FIGURE 4: Gisela, Buenos Aires, Argentina, 2015
FIGURE 5: Fabiana, San Pablo, Brasil, 2014

Alongside this focus on the individual, the project also turns portraiture inside out and mitigates this orientation.6 Though only one person appears in each frame—or no people at all in photographs of objects decorating the subjects’ homes—Otras Mujeres results from collaboration. The settings the artist selects with her subjects engender this collaboration; they reflect the intimacy and trust required for telling one’s reproduction story, especially when those stories violate the norms of family-making on a cis-hetero model. These settings also signify the emotional conditions, whether joyous solitude or contemplation of trauma, that attend and motivate being childfree. Romero and the “other women” move out from the individual to take up the “implicaciones sociales y políticas” [social and political implications] of being childfree. They speak and appear in the frame as a counter to taboo, shame, silence, and invisibility. Their solitude thereby also hails the communities surrounding them in which they have either felt marginalized or have found their place. Self-description appears in lieu of societal prescriptions and proscriptions, yet the testimonies also avoid a misguided solutionism in which childfree is the answer to environmental, labor, economic, and patriarchal heteronormative woes. Romero’s transcribed interviews with the subjects capture these dimensions of the project suggesting that, without testimony, portraiture alone risks representing the privileges—often white, wealthy, and able-bodied—of liberation through choice.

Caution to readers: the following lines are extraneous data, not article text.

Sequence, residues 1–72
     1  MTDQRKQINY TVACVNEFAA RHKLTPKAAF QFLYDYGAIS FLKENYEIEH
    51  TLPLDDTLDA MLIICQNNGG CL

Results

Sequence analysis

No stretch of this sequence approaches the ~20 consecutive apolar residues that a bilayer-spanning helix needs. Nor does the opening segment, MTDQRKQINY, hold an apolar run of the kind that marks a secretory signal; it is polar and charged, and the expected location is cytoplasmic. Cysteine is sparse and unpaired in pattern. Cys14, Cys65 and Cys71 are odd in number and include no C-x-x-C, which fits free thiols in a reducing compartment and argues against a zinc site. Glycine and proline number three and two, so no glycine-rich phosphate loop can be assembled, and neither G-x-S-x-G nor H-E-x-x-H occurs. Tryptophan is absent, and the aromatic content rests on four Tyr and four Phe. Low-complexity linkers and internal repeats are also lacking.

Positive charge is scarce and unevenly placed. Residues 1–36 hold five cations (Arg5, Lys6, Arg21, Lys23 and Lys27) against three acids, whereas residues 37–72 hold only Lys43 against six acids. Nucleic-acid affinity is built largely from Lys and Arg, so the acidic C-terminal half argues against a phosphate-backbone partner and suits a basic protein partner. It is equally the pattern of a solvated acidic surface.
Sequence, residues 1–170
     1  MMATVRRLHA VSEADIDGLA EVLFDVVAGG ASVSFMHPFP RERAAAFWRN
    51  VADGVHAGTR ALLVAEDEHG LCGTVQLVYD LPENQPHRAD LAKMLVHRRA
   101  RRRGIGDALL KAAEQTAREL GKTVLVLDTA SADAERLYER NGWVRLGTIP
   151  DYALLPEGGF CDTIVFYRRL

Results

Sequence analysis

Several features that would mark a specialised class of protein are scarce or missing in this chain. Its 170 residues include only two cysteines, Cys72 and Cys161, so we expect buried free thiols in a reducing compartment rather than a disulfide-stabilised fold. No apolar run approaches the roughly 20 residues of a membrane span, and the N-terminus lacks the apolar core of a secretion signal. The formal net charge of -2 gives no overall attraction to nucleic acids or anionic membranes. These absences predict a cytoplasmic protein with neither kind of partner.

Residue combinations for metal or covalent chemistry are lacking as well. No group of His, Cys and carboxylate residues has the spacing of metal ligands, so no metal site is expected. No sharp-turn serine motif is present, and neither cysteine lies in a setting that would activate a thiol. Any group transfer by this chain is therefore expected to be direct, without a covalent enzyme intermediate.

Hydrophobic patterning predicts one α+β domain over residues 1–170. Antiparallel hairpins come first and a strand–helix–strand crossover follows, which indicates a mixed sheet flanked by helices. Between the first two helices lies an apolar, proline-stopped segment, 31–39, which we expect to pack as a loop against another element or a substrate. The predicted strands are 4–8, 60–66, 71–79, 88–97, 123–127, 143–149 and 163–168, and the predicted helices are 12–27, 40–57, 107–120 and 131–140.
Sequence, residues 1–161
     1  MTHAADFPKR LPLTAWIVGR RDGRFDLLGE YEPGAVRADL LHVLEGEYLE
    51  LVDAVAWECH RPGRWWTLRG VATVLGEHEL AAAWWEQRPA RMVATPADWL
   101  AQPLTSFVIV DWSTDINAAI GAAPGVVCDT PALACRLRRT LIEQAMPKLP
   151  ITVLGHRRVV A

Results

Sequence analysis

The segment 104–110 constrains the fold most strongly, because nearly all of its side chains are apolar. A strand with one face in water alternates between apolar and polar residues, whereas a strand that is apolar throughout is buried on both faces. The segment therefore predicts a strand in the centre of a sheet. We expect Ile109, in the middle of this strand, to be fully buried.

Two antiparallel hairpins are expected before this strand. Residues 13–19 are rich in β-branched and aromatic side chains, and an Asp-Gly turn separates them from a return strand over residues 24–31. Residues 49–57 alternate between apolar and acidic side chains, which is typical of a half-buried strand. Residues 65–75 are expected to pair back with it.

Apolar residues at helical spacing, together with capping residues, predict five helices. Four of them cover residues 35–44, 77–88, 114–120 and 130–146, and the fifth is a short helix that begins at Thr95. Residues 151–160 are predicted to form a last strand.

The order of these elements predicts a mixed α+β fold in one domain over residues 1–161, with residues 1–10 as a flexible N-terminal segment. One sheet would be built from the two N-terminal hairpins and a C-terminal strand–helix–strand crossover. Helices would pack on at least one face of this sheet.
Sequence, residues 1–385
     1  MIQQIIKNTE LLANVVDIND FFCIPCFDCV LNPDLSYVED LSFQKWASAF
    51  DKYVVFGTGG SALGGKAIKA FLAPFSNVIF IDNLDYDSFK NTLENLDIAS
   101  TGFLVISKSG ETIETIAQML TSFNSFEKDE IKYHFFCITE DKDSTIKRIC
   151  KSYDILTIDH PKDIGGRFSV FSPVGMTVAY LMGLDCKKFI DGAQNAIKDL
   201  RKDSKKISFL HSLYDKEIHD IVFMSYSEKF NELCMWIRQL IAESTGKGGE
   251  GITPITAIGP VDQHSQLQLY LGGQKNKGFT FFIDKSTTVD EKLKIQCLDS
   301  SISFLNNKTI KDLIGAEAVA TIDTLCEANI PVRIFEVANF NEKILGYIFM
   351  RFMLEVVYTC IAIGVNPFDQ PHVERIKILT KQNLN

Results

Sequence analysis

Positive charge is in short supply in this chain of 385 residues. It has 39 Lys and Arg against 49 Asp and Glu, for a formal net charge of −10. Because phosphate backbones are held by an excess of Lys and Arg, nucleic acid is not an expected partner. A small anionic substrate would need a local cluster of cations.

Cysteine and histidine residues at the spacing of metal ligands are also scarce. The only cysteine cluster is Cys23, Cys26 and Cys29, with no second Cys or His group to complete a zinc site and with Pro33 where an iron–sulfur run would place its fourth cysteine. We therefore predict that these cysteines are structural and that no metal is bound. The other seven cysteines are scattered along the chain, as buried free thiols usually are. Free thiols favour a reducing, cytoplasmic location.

Otras Mujeres attempts to decouple being a woman—in all its expressions—from expectations for other-care without fortifying individualism. For this forum, I approach this effort as a posthuman one that rescales care out from the nuclear family. Ideas of the posthuman often encompass the cyborgian, creaturely, elemental, vegetal, spectral, and technological.